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Undergraduate Courses

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The College English Program is in Science and Engineering down into three separate sections: Study Skills for Freshmen, Presentation and Discussion, and Introduction to Academic Writing. The courses are staggered by level to provide the optimal progression for students. Students with more basic English proficiency will begin at the Study Skills level, whilst more advanced students will be eligible to take the Presentation course. Upon completion of either of these courses, students will then be eligible to enroll on the Introduction to Academic Writing course, which will allow them to develop academic and scientific writing skills that will be highly useful in their academic and professional careers.

The three courses are designed to complement one another by providing a diverse range of applicable English competencies that will aid students throughout their studies at GIST College and beyond. The details for each course is as follows:
 
GS1601 - English I. Study Skills for Freshmen
 
 
The Study Skills course offers students a comprehensive, yet manageable, introduction to the various uses of English they will encounter at their studies at GIST College. In the course they will learn basic writing skills and grammar, whilst also benefiting from specific English language study skills, such as note-taking, summarizing, editing and paraphrasing.
 
Course Objectives:
By the end of this course students will be able to:
· Write paragraphs and lab reports in English
· Listen and take adequate notes based on a variety of English media
· Apply the diverse skills learned in class in their other classes at GIST College
 
 
GS1603 - English I. Presentation and Discussion
 
 
Presentation and Discussion forms an important part of students’ academic careers at GIST College. Therefore, it is important for the English program to support students in their achievement of English proficiency that will be of use to them in future presentations all of their classes at GIST College. In this course, students are given the opportunity to develop their English proficiency through monitored class discussions and feedback, structured presentations and individual and group coaching and mentoring.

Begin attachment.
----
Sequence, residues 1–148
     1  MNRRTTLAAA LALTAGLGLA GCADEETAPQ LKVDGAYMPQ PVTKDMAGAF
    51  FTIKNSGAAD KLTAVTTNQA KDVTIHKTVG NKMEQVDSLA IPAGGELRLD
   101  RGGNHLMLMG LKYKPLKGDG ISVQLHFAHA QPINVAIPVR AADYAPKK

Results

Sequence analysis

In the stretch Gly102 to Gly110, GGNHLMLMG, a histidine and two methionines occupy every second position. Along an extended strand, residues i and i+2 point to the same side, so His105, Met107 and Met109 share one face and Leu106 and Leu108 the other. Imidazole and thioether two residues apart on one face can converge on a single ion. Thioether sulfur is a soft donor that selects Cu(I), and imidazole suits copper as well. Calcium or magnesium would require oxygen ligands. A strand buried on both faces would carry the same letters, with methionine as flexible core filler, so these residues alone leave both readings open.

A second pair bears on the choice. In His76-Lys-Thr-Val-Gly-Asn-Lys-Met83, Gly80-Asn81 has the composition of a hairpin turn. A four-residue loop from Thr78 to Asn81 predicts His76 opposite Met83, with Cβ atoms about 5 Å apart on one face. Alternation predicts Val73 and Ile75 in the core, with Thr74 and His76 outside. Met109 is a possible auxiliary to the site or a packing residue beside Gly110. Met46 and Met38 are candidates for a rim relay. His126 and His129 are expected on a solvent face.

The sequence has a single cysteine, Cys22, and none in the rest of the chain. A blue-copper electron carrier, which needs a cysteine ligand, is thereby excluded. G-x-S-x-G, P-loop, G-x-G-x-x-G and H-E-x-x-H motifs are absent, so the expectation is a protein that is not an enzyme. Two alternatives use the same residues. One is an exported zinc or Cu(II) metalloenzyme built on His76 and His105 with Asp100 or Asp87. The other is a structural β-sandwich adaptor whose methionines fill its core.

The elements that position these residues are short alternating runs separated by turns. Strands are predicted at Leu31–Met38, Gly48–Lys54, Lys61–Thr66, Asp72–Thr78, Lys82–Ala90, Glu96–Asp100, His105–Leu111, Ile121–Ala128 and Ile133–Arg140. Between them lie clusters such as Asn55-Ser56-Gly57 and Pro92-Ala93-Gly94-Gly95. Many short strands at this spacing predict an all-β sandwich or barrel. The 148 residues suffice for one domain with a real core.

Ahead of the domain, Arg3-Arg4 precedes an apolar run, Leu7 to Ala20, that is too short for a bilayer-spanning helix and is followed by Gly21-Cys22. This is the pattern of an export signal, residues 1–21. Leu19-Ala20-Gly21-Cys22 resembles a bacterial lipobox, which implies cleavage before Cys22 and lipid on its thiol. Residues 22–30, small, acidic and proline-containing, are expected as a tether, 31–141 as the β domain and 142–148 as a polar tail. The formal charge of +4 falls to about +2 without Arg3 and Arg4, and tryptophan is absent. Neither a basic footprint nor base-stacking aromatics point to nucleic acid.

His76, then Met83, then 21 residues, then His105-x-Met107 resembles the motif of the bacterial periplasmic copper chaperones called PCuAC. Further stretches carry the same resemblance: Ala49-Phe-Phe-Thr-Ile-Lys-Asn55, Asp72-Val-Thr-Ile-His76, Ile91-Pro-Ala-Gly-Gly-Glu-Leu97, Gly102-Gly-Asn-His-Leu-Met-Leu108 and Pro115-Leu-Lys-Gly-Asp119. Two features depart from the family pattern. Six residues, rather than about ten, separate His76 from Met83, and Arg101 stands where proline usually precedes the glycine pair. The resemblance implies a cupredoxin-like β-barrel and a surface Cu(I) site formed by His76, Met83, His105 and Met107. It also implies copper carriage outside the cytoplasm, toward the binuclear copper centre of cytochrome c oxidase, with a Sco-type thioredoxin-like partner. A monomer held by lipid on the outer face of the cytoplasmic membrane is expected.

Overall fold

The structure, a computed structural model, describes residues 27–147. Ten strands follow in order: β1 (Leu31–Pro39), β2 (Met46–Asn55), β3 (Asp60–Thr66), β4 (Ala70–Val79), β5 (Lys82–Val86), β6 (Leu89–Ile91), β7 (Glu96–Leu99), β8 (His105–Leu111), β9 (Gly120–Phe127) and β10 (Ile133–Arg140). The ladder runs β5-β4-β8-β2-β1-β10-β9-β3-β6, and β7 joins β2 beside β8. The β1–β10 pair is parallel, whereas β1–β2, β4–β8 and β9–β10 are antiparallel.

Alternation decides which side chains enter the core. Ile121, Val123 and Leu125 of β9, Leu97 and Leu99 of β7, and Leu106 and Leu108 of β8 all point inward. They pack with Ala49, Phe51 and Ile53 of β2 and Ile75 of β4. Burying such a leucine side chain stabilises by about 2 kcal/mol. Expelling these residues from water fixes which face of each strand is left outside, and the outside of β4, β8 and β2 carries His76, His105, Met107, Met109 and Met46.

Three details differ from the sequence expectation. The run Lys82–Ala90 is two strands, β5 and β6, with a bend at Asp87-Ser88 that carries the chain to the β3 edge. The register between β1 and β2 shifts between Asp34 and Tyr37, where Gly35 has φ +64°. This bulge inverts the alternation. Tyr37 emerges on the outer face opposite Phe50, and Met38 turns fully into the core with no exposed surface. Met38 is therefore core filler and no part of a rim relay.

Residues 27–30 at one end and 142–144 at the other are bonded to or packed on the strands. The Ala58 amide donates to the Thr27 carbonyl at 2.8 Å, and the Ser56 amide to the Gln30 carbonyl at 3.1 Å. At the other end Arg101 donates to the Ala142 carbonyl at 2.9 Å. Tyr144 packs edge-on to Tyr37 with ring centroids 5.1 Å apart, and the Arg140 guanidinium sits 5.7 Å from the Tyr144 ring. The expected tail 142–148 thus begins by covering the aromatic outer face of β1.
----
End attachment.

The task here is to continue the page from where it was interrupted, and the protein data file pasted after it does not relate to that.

Course Objectives:
By the end of this course students will be able to:
· Complete group and individual presentations in English
· To write and structure speeches on various themes
· To use body language, intonation and language to create interest and draw attention
 
 
GS1605 - Practical Discourse
 

This course provides the foundation for verbal communication in order to effectively maneuver within an English academic and professional environment. Key components of discourse such as asking questions, expressing opinions, compromising, contradicting, and generally navigating through English conversation will be introduced and furthur developed. 
 
Course Objectives:
By the end of this course students will be able to:
· Lead communication in an effective way
· Use more natural English vocabulary and expressions
· Clearly understand connotation of common words
· Recognize and improve upon pronunciation difficulties
· Improve flow in English communication
· Become more comfortable and confident when using English
 
 
GS2651 - Debate and Argumentation for Scientists
 
 
From the birth of democracy in Western civilization to the attainment of enlightenment in Tibetan Buddhism, debate has played an important role in shaping the world and in providing people with a better understanding of themselves. Debate combines critical thinking skills with effective communication skills (either spoken or written), and the focus of this course is for students to improve these skills by engaging in Tibetan debates, public forum debates, and congressional debates.
 
Course Objectives:
By the end of this course students will be able to:
· Understand the basic structure of arguments
· Utilize more effective internet research strategies
· Recognize, avoid, and defend against logical fallacies
· Implement rhetorical strategies to create more persuasive arguments
· Understand and assume the role of "devil's advocate" during debates
· Develop a broader perspective of governmental policy considerations
· Gain more experience with public speaking
 
 
GS2652 - English II. Introduction to Academic Writing in Science and Engineeri